Preston will come together at the weekend to celebrate more than 60 years of a Caribbean community in the city.
Windrush 66 will honour the first generation of West Indians who came to Britain in June 1948.
“It is about those brave people who fought through the struggle of everyday life in a very different Preston to the one we have today,” said Adrian Murrell.
“If it wasn’t for them a lot of people wouldn’t have experienced the food, music, dance and fashion that they brought to England and to Preston.”
The Windrush event was launched last year at Preston Cricket Club and attracted 497 people, exactly the same number as the pioneers who arrived in London on June 22, 1948 to settle in the UK.
Windrush 65 was so successful that organisers vowed to make it an annual event.
Windrush 66, starting at noon on Sunday, will mark 66 years of black presence in Britain with a festival set around a Twenty20 cricket match between the Wailers and the Mighty Sparrows.
The event will have Caribbean food cooked by award-winning food writer Carol Harris who has appeared on the breakfast TV programme Lorraine and also The One Show.
There will be a steel band, fun and games for the children, a bouncy castle, five DJs and entertainment from Stephen Bayliss, Letitia Grant, Tripitaka, Louise Heatley and Phil Kaila and his Salsa Dancers. The Isle in Harmony will be advertising the Preston Carnival a week later.
“Last year was a great family event and all Prestonians came together and joined in the celebrations,” said Adrian. “It was so successful we just had to do it again.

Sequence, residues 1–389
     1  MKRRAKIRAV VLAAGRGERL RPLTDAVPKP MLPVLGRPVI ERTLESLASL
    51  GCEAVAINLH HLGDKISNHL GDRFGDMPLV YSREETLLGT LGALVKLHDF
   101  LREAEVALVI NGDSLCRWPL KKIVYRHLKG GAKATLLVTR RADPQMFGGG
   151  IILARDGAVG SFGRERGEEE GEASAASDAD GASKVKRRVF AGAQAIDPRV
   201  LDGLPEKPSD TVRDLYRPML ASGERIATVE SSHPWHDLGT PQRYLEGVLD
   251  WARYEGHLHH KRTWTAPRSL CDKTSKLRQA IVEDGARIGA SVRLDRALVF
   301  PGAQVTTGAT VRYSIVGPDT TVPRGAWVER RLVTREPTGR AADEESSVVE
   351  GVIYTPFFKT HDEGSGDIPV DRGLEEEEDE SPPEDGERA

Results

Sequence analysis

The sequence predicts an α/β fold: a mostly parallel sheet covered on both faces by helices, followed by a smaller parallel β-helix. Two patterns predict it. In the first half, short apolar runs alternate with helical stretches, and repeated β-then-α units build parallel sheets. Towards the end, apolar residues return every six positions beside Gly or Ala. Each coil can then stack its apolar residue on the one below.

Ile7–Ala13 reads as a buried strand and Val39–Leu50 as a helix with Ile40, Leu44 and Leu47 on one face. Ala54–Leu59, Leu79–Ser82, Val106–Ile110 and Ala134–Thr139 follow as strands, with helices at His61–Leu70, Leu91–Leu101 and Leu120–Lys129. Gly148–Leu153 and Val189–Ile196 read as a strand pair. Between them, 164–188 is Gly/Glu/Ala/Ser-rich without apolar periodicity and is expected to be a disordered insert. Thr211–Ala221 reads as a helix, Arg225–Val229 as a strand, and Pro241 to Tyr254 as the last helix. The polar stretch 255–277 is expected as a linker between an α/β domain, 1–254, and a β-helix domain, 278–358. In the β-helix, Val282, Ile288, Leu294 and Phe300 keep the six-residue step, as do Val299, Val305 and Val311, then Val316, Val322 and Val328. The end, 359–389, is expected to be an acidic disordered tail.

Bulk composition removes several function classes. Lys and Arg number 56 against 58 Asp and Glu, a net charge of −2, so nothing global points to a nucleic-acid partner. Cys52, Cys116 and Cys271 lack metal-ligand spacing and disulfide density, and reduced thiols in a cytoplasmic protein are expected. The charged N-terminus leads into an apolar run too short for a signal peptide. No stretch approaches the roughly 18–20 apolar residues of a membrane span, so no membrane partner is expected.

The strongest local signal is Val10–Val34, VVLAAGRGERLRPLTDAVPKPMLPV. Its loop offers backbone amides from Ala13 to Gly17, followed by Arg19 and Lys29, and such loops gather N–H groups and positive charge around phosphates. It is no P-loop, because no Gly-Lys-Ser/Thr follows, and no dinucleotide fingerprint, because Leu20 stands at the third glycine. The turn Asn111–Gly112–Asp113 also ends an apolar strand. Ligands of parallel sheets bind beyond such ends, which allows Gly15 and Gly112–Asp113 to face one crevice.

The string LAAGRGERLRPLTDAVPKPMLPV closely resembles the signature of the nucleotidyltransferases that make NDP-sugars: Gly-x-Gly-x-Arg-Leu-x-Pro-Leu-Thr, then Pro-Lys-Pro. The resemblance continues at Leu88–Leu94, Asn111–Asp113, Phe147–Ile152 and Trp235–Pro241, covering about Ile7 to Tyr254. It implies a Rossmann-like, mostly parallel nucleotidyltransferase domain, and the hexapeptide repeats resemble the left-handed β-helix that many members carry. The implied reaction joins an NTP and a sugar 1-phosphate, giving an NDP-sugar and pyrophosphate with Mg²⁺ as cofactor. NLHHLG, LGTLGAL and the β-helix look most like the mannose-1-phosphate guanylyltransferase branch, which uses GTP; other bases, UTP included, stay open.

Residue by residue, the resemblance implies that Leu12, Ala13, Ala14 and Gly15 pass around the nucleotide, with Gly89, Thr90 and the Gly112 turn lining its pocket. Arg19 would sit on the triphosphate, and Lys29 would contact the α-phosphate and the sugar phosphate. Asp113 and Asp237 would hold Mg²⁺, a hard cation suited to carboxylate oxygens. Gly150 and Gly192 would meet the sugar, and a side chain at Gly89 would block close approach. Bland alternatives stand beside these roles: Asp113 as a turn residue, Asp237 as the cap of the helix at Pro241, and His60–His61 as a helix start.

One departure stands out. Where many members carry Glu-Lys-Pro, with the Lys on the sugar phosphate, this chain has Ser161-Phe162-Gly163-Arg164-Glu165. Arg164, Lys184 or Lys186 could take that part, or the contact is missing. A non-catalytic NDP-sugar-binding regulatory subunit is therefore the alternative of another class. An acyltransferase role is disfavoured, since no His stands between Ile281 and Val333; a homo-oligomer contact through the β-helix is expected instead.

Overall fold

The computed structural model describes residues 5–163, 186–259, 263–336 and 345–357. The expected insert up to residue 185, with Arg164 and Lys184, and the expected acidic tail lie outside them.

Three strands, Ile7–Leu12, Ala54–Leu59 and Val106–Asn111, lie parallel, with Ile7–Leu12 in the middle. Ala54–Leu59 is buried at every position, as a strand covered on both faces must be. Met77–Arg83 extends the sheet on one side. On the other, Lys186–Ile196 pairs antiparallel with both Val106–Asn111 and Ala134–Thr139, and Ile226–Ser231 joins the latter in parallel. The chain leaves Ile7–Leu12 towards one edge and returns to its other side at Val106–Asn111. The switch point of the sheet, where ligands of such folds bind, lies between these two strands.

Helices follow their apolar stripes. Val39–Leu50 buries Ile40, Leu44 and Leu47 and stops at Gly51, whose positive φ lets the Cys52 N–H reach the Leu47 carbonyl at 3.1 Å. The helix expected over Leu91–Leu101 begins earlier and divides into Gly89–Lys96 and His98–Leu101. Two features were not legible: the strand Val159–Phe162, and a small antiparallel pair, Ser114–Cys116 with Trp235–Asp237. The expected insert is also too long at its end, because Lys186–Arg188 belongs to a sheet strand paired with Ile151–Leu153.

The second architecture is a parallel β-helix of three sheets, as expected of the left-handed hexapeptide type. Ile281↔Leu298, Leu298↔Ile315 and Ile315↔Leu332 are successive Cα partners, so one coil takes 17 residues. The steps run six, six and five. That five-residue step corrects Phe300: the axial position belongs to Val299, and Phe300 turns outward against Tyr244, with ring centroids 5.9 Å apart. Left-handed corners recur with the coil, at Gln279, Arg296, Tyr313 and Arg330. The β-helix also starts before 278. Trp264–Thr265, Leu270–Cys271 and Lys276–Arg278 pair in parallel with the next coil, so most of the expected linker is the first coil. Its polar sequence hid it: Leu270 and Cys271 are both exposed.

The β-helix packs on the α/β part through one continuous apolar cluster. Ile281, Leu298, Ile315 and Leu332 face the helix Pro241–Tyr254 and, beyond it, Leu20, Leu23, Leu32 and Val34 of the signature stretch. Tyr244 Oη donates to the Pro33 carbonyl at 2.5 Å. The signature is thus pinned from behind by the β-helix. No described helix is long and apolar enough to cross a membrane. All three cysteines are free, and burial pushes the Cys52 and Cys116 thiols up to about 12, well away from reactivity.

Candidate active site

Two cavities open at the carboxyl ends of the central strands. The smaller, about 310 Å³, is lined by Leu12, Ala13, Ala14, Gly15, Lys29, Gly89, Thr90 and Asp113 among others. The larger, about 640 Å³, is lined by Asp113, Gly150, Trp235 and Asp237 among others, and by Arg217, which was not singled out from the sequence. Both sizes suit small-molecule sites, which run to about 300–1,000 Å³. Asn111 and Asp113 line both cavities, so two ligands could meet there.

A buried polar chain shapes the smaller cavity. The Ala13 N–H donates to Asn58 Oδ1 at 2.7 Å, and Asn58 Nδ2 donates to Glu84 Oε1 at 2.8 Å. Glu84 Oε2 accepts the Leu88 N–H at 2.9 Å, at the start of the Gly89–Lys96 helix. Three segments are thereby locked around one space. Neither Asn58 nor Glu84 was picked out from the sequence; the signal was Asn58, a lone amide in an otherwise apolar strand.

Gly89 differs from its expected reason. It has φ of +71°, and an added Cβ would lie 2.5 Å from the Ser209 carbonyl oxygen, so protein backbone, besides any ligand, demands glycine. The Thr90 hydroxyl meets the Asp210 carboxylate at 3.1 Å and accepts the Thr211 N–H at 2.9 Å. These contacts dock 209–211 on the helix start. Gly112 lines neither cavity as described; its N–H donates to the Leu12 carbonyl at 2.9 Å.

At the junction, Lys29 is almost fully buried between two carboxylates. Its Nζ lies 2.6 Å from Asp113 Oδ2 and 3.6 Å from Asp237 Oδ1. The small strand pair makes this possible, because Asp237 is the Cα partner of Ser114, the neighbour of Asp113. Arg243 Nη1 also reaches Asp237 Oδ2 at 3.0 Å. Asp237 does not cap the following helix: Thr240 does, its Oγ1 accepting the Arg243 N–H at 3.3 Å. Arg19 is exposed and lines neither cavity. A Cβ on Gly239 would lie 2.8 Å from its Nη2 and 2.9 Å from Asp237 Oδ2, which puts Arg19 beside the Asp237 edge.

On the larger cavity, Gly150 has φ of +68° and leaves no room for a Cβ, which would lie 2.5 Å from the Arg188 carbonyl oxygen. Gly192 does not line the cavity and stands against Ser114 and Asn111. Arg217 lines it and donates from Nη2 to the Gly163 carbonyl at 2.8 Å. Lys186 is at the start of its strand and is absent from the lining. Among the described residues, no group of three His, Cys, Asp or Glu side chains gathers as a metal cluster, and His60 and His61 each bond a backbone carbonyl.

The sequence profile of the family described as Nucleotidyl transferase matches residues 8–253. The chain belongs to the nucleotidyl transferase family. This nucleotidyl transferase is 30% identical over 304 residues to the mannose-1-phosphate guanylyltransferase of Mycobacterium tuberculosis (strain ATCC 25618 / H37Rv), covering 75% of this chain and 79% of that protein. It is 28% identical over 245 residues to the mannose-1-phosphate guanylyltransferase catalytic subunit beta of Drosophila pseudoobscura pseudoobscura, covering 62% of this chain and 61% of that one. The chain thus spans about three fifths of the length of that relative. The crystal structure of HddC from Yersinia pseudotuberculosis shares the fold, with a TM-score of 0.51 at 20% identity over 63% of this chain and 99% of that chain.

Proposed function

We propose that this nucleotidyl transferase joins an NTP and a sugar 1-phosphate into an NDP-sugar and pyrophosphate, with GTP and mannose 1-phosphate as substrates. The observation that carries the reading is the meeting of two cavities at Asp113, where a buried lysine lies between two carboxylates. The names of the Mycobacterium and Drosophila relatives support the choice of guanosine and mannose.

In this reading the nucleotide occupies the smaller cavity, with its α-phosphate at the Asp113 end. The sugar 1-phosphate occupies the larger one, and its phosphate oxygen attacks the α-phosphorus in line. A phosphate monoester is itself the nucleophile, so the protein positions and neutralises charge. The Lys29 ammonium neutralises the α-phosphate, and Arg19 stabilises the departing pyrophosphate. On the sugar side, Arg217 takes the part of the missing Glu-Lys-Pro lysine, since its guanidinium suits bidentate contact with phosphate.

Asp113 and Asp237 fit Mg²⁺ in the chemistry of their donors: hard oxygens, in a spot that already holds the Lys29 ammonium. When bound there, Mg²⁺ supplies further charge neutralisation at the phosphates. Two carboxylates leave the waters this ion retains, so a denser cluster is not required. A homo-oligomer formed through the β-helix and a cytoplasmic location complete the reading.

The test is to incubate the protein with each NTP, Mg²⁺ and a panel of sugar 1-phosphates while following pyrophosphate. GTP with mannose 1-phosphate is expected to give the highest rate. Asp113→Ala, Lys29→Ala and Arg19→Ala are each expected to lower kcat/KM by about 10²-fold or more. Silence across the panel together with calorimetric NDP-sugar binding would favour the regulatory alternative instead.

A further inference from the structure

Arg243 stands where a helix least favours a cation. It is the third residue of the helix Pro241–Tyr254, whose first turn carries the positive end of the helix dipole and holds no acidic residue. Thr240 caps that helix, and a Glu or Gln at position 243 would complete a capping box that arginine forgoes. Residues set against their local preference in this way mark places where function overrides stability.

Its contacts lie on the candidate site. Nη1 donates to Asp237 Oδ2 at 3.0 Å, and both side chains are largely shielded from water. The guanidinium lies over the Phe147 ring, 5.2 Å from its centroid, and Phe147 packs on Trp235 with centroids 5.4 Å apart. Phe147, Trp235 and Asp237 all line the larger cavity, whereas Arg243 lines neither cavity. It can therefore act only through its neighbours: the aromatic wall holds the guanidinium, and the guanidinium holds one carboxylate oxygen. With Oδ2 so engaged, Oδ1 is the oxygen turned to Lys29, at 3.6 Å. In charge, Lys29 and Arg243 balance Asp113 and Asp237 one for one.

“Windrush Initiatives have been fortunate enough to have so many people that understand what we are about and have offered their services for free.
“But it won’t just be about food, music and cricket. We will also be looking back in time at the fashions, having a pictorial look at the community back then and listening to some of the issues they faced.
“The reason why Windrush Initiatives started the event was that in Preston we have the biggest black population of black British and dual heritage people outside Liverpool and Manchester.”
The original 1948 settlers arrived at Tilbury Docks in London aboard the MV Empire Windrush after the British Government began to encourage mass immigration to fill shortages in the labour market after World War Two. Known as the Windrush generation, they took advantage of the offer of cheap passage from Jamaica to settle in the UK.